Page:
As readers of my blog will know, I used to play golf at a pretty decent level. Back then, I had a Coach, but that was rare for an amateur golfer. Not much has changed in the 13 years since then.
When I started bike racing, pretty quickly I found a coach who could guide me on this new journey. I was expecting a cycle coach to be the same as a golf coach, but nothing could be further from the truth! Whilst the vast majority of golf coaches are really just giving lessons – it’s almost all about technique – in cycling it’s about a long term improvement plan. That plan will include some technique work, but it will also include fitness, strength & conditioning, nutrition & hydration, lots of data analysis, and race tactics. We’d sit down at the end of every season and review the year gone by. We’d set goals and objectives for the years ahead, short & long term goals, and then the plan would be built around how we would achieve those goals. Each month my coach would send me my training plan, we’d discuss specific sessions and there would be regular communication & feedback, particularly after races. I’d maybe see Ken physically 2 or 3 times a year, no more.
But as I said, golf’s not like that. What I’ve just described as an athlete / coach relationship would be alien to all but the most serious elite or professional golfers. Many amateurs will say they have a ‘coach’, but really it’s just the local pro that they go to for lessons periodically. In the vast majority of cases there will be no structure to this. That’s not an improvement plan, that’s just taking lessons.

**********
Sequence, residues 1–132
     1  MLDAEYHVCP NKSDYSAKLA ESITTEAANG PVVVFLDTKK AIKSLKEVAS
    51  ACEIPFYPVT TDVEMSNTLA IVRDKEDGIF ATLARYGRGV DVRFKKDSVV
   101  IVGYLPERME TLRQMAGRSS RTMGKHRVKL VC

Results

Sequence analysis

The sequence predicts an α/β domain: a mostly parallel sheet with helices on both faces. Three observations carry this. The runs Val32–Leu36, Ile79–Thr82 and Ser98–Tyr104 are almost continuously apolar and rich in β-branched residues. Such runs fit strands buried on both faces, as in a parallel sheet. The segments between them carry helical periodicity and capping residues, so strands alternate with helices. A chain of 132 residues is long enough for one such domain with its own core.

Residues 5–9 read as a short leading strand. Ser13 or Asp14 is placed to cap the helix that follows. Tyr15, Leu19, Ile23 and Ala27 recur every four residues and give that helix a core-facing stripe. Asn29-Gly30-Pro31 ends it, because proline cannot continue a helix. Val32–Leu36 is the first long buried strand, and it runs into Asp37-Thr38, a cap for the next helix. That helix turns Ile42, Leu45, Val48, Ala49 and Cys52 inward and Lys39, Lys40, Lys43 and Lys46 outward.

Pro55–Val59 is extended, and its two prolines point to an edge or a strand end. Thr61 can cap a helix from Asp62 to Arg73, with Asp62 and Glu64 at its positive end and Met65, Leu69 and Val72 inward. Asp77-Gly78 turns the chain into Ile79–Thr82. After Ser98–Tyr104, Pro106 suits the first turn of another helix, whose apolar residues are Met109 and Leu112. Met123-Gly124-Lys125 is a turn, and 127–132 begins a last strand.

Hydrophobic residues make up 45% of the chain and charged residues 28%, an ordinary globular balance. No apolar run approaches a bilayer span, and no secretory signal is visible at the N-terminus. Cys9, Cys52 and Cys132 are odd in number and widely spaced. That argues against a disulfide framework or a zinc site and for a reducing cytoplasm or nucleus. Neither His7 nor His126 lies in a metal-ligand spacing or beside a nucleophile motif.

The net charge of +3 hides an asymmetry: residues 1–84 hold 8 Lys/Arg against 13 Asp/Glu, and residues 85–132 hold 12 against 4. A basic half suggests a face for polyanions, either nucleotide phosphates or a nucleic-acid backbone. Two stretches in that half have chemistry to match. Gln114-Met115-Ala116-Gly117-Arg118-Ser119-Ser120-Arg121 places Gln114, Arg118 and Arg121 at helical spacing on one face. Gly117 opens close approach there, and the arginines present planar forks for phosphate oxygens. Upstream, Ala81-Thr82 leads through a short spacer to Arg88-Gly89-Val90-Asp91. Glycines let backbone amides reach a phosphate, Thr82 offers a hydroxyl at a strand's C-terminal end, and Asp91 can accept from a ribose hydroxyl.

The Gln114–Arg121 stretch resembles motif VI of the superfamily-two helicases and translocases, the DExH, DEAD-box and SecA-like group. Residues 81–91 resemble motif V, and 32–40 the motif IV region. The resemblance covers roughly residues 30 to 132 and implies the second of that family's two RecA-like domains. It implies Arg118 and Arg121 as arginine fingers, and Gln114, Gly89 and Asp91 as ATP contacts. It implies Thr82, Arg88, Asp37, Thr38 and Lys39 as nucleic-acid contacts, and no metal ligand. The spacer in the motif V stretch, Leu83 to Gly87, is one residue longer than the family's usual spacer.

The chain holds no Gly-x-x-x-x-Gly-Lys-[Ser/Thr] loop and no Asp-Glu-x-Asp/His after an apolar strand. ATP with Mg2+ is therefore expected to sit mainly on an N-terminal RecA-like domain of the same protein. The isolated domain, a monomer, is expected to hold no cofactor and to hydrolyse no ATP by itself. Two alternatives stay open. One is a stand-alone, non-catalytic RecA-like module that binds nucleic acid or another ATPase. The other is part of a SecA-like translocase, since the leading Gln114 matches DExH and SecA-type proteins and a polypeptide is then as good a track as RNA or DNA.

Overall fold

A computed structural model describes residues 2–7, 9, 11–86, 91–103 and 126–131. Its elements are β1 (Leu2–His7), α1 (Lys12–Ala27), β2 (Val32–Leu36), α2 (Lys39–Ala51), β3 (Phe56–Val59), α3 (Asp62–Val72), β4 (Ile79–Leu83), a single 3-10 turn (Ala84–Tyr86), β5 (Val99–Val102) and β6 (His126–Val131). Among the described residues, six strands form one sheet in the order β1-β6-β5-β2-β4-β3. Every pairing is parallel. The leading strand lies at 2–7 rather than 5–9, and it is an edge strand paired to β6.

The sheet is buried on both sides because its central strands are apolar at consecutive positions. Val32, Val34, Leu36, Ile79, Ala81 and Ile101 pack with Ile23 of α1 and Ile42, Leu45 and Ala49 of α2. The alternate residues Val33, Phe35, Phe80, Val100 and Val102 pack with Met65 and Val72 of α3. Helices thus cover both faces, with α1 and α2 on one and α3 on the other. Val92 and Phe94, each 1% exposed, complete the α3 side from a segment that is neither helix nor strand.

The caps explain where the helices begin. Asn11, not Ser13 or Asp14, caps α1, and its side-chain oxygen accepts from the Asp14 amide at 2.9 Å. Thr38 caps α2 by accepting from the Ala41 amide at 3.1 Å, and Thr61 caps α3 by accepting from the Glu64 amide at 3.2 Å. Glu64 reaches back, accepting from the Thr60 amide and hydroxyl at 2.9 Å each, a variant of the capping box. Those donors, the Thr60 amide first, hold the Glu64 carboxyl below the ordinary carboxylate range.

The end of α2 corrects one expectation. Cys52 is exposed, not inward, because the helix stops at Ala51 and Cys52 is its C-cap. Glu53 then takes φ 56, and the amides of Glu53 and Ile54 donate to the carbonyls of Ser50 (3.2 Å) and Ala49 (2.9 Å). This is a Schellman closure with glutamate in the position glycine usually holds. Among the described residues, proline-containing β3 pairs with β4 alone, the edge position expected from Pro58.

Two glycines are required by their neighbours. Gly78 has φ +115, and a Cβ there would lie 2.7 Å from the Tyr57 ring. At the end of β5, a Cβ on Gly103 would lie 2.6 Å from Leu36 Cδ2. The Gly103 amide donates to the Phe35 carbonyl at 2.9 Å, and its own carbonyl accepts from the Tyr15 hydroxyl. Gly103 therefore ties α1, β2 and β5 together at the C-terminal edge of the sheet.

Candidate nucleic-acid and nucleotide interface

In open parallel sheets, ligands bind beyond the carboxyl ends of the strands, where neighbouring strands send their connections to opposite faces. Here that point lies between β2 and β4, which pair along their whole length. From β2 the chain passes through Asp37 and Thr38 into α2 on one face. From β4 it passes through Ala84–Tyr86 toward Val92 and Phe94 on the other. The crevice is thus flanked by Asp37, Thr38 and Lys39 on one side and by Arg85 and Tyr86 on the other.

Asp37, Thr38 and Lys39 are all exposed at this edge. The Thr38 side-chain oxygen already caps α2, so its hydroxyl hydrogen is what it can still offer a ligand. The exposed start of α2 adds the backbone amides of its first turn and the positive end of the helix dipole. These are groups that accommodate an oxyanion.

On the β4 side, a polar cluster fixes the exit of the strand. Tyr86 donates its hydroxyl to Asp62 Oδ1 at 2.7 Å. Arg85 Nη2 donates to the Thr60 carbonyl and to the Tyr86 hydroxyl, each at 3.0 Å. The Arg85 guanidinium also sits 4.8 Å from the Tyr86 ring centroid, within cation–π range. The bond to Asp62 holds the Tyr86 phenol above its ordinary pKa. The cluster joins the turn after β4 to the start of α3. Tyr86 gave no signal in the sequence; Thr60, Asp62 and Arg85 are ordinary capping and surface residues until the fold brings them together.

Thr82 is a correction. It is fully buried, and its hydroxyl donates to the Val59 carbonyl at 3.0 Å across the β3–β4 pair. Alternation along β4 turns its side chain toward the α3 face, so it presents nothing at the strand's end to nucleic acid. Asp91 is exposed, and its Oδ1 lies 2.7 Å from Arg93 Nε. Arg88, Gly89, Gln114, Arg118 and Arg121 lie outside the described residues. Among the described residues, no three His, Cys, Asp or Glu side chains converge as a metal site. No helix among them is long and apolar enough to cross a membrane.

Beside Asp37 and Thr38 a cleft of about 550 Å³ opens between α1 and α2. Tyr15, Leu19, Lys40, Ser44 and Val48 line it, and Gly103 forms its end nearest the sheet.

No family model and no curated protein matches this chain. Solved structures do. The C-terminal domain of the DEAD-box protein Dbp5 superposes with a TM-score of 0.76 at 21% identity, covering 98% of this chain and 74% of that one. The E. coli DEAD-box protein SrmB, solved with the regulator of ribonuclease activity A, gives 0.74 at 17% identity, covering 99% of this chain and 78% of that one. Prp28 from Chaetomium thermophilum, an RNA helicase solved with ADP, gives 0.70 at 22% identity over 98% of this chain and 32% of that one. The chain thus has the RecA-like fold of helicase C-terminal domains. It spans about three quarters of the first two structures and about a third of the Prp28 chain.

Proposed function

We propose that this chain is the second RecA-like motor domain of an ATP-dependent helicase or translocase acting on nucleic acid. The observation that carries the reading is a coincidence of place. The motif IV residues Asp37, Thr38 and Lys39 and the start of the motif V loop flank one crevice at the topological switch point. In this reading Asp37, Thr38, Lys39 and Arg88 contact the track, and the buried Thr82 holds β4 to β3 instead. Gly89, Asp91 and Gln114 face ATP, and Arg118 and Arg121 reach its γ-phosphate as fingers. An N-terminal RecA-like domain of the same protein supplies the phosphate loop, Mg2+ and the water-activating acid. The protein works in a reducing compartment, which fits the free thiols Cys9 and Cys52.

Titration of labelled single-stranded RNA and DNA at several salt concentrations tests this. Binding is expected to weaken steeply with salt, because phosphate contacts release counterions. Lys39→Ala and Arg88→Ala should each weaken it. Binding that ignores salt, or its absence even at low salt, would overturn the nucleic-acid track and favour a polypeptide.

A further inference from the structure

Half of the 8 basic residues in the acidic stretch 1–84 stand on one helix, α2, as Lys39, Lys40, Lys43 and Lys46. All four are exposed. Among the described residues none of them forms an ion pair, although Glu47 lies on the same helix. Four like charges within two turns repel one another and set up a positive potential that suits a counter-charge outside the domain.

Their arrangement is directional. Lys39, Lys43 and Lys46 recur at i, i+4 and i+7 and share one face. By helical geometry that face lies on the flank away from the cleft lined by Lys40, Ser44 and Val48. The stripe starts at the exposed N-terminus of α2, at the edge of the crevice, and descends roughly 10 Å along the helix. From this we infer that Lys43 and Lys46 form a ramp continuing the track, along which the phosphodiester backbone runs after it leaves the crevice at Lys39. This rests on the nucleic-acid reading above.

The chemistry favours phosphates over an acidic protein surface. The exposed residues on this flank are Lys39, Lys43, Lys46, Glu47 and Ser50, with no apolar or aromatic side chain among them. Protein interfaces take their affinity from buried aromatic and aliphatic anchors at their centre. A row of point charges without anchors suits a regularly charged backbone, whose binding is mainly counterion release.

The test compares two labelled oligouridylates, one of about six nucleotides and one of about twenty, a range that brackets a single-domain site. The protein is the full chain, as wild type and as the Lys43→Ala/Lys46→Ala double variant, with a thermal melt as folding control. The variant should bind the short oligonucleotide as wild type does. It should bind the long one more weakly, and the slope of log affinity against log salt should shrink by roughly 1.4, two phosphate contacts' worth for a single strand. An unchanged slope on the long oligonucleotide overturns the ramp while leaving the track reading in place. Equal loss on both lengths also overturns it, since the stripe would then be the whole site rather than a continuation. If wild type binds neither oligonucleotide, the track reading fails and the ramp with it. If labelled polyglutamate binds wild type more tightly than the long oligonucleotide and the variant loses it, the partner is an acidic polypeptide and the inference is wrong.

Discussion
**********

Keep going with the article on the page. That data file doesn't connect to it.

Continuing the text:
However, there is a new generation of golf coaches, Pros who think differently about the game and who recognise that the old model needs to change and who are innovating. I’m proud to say that my brother, Niall McGill, is one of them. Niall launched his new Performance Coaching website today. With Niall’s Ultimate Plan, at only £30 a month (which is less than I paid for cycle coaching!), enlightened golfers can now work with a coach who will help them to improve in a structured way, looking at all aspects of their game and using our LowerYourScores stats system to analyse their on-course performance.
Despite all of the technology in the game of golf, it’s still a very traditional sport that doesn’t like change. It will be interesting to see how long it takes golfers to adapt to this new way of playing the game. To me this is a no brainer. If I was still playing I’d sign up straight away.